PET tracer shows promise for early diagnosis of Parkinson’s: Study

Imaging agent allows visualization of alpha-synuclein clumps

Patricia Inácio, PhD avatar

by Patricia Inácio, PhD |

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A doctor looks at a slide while four images of a brain are projected on a large screen.

An imaging agent for positron emission tomography (PET) scans allowed researchers to visualize, for the first time, abnormal alpha-synuclein protein clumps in the brains of living patients with Parkinson’s disease, a study showed.

By detecting a hallmark feature of Parkinson’s found in relatively lower abundance in the brain compared with protein clumps in Alzheimer’s and other conditions, the new tracer may be able to diagnose Parkinson’s much earlier and provide important clues as to how a person is responding to treatment in the clinic and in clinical trials.

“Imaging techniques for detecting [alpha]-synuclein aggregates [in live patients] could provide definitive information on the disease diagnosis … and would be very useful to evaluate the efficacy of candidate drugs targeting [alpha]-synuclein pathologies,” Hironobu Endo, MD, PhD, senior researcher at the Institute for Quantum Medical Science and leader of the team, said in a press release.

The study, “Imaging α-synuclein pathologies in animal models and patients with Parkinson’s and related diseases,” was published in Neuron.

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Roadblock to early diagnosis of Parkinson’s

The accumulation of alpha-synuclein protein aggregates — called Lewy bodies — is a hallmark feature of Parkinson’s disease, as well as some forms of atypical parkinsonism, including Lewy body dementia and multiple system atrophy. Collectively, these disorders are referred to as alpha-synucleinopathies.

While early detection of alpha-synuclein clumps is essential to diagnosing Parkinson’s and determining whether a patient is responding to a given therapy, the small size of the aggregates and their limited abundance is a major roadblock in the development of imaging agents that can detect these clumps.

Despite multiple research efforts, there has been no tracer available to detect the abnormal alpha-synuclein deposits in live patients. Currently, their detection is only possible in brain samples, collected from deceased patients.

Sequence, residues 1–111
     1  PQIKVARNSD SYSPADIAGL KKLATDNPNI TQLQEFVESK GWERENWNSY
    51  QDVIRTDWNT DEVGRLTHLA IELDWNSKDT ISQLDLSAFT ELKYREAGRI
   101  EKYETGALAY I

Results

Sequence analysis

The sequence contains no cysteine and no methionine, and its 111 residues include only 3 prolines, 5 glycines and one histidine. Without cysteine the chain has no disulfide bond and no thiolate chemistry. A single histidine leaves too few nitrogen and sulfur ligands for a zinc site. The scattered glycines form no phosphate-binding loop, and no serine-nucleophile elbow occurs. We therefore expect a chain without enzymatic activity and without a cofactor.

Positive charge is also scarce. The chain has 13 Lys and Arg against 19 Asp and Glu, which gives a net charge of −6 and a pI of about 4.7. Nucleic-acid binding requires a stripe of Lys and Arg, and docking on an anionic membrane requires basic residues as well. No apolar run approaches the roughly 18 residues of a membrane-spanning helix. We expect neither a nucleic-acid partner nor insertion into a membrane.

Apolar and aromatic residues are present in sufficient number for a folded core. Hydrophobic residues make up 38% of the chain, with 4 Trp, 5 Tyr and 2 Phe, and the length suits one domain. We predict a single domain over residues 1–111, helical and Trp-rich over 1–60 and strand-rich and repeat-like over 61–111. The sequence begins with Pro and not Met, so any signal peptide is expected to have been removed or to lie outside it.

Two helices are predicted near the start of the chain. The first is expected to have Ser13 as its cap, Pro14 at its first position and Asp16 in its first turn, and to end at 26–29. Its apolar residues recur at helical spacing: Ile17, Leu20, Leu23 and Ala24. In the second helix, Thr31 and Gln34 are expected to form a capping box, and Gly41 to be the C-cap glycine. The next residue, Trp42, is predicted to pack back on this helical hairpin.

Now, scientists in Japan developed of a radiotracer, called C05-05, that allowed them to visualize alpha-synuclein clumps in the brains of live patients via PET scans.

Radiotracers are chemical compounds designed to target a given molecule that provides important information about certain bodily functions. These compounds are modified to emit radiation, which allows them to be detected by PET scans.

The team developed the tracer by making slight modifications to an existing imaging agent, PBB3, which is used to detect aggregates of the tau protein in people with Alzheimer’s.

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Detecting deposits in the brain

Using mouse and marmoset models of alpha-synucleinopathies, the researchers showed that C05-05 could bind to alpha-synuclein in the brain with high affinity and selectivity. Deposits were even detected in early disease stages, when abnormal alpha-synuclein proteins are less abundant and generally harder to find.

Researchers could even detect alpha-synuclein in the animals at the single-cell level, using a powerful technology called two-photon microscopy. This may enable scientists to study the molecular behavior of alpha-synuclein aggregates in real time in live animals to better understand how they cause disease.

To assess the clinical potential of C05-05, the researchers conducted an exploratory clinical study involving 10 patients with symptoms of Parkinson’s or Lewy body dementia, as well as eight healthy individuals who served as controls.

In agreement with data from the animal models, the study found C05-05 also allowed the visualization of alpha-synuclein in the patients’ midbrains, a region that includes the substantia nigra. This brain region is involved in the control of voluntary movements, and is one of the most affected in Parkinson’s disease.

“Notably, PET-detectable 18F-C05-05 signals were intensified in the midbrains of [Parkinson’s] and [dementia with Lewy bodies] patients as compared with healthy controls, providing the first demonstration of visualizing [alpha]-synuclein pathologies in these illnesses,” the researchers wrote.

While the new tracer may require some refining to become even more specific to the abnormal alpha-synuclein deposits and have fewer off targets, the findings “provided the first essential information on the capability of the PET probe for capturing Lewy-type [alpha]-synuclein pathologies in humans,” they wrote.